# Homework Help: Finding Tension and Acceleration

1. Oct 14, 2014

### B3NR4Y

1. The problem statement, all variables and given/known data
In figure, block 1 of mass m1 = 2.0 kg and block 2 of mass
m2 = 6.0 kg are connected by a massless string over a massless and
frictionless pulley and are initially held in place. Block 2 is on a rough
surface, with coefficient of kinetic friction of 0.1 and tilted at θ = 30o
while a horizontal force F of magnitude 3.0 N acts on it. Block 1 is on a frictionless surface.
Find the normal force acting on block 2.
Find the magnitude of acceleration of block 2.

2. Relevant equations
F= ma
Fg = -mg
Fg, y =-mg*cos θ
Fg, x =mg*sin θ

3. The attempt at a solution
I drew a free body diagram of each individual block, for block one I found it has a force in the positive x-direction, the force is the force of tension (therefore it will move in the direction of tension) and the force of gravity on block one is cancelled by the normal force so F T = m_ 1 * a. I solved for a, and got a = FT/m1. My reason for doing this is I reasoned the acceleration is the same for both blocks, which I may be wrong in assuming this. I solved for the x and y component of the horizontal force that acts on block 2, because my x axis runs up to down and the up direction is positive for the y axis.

To solve for the normal force, I found the y-component of the force from gravity, which is -m2 g cos 30o. I then said Y-component of gravity + Normal Force + Y-component of horizontal force = 0 and solved for Normal force. I got ~49.19 N

Then to find tension I added all the forces in the x-direction and solved for tension.

Tension + Friction Force + Force of Gravity in the X-direction + X-component of the horizontal force = m2 a
I solved for a earlier, and got FT/m1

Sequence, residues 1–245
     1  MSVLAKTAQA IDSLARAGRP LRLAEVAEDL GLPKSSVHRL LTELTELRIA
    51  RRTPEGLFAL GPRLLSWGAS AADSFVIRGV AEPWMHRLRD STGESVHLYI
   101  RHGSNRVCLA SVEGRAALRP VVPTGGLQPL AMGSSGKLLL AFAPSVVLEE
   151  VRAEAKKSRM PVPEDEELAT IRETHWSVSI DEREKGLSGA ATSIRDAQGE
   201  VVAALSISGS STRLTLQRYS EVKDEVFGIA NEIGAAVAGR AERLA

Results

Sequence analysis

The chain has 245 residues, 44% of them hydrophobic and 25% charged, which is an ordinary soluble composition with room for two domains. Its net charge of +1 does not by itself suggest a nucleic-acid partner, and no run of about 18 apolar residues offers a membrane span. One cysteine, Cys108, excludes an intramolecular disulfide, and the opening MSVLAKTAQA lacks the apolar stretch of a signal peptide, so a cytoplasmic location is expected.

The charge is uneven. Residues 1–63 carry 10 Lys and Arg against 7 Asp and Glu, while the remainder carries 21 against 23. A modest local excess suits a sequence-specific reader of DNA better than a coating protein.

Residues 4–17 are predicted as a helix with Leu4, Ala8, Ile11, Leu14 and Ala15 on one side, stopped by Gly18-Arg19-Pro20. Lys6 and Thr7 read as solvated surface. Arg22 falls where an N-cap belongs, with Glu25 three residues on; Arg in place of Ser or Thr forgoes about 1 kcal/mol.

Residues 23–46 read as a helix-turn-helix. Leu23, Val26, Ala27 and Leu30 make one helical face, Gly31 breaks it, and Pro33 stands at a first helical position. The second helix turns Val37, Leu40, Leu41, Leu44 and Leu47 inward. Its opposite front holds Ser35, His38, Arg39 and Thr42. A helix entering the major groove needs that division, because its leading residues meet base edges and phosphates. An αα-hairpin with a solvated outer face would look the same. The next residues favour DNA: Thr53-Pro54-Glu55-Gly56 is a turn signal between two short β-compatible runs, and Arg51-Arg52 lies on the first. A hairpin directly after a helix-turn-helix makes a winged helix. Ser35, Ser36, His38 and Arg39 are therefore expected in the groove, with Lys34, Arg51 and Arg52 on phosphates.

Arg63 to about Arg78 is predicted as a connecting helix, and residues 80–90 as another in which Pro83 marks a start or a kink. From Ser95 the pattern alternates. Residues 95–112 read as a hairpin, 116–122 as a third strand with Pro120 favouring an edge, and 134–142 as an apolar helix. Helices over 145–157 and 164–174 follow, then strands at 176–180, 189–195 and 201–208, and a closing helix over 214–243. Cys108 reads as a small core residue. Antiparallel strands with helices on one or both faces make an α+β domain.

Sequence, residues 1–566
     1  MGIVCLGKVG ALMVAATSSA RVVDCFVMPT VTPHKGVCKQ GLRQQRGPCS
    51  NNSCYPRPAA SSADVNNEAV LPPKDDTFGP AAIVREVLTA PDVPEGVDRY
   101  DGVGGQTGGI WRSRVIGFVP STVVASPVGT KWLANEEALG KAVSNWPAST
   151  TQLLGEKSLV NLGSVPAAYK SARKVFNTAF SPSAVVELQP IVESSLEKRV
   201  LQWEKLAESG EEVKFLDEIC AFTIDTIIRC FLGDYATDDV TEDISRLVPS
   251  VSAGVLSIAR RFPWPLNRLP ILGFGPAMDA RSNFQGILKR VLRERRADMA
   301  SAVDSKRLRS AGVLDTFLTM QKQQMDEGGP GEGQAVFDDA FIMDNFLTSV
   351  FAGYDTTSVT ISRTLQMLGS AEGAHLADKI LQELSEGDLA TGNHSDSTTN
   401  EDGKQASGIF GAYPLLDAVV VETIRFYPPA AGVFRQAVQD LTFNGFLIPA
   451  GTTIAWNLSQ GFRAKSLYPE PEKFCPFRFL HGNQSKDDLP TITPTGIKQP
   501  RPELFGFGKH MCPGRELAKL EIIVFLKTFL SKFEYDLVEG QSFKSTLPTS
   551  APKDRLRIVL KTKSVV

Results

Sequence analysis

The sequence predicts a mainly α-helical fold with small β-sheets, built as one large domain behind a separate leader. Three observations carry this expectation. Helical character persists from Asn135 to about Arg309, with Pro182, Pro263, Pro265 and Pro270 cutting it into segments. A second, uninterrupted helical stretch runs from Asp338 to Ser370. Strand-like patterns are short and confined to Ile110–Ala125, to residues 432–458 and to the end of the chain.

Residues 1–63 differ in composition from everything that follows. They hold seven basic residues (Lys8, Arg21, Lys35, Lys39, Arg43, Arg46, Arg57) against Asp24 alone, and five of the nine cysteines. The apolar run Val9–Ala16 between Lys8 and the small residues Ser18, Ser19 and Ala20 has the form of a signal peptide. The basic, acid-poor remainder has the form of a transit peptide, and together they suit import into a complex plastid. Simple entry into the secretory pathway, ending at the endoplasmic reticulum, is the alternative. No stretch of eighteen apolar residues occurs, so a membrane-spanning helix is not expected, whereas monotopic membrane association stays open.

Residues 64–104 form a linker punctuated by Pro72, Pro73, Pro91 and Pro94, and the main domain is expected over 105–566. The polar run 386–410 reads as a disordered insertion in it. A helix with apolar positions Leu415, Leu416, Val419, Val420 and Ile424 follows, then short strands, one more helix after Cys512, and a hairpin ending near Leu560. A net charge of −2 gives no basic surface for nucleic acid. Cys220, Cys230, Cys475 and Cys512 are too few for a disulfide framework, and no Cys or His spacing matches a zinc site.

I did the algebra and found the force of tension to be -0.31 N to be the force of tension, which has to be wrong because when I sum the forces I get a negative number.

Basically I would like to know how to solve for tension and acceleration when all you're given is the coefficient of friction, a force, the angle of the incline, and the two masses. In class we did an example where we had to solve for the tension, but we were given all this information and the acceleration of the object.

Last edited: Oct 14, 2014
2. Oct 14, 2014

### BvU

This is hard to follow without the picture.

is really a non-sequitur

It seems block 1 is on a horizontal plane ?
Is the string vertical from pulley to block 2 ?
The 3 N is working in which direction ?
How far does block 2 move when block 1 moves a small distance s ?

3. Oct 14, 2014

### B3NR4Y

Silly me, I'm stupid I knew I needed a picture... I'm on my phone currently but will post one

4. Oct 14, 2014

### B3NR4Y

Sorry friend, here it is

5. Oct 14, 2014

### Staff: Mentor

I got the same result as you for the normal force on m2. Please flesh out algebraically the force balance on m2 in the direction parallel to the incline. Writing out in terms of words is not useful to us for identifying where you encountered your problem. Thanks.

Chet

6. Oct 15, 2014

### BvU

Picture sure helps! You don't want to know what I concocted from the description only :-)
looks good, so I suspect a mishit on the calculator (*). As Chet says: show the terms (with signs!)

(The more so because I didn't get 49.2 at all: $-(-m_2g\cos{\pi\over6} + F\sin{\pi\over6}) =49.4 \$ if I use g = 9.8 m/s2 :-) )

7. Oct 15, 2014

### B3NR4Y

It must have been a mishit into my calculator or I just made up some dark energy numbers (joking), I do practice problems on a whiteboard so I don't waste paper and I got the wrong answer on the whiteboard. Today I was sitting in the library so I decided to rework the problem on paper, and I got what I assume is the right answer (I don't have the solution, it's a midterm from last year). I am not sure what I did to get the numbers I was getting :S thanks for your helps/potential helps!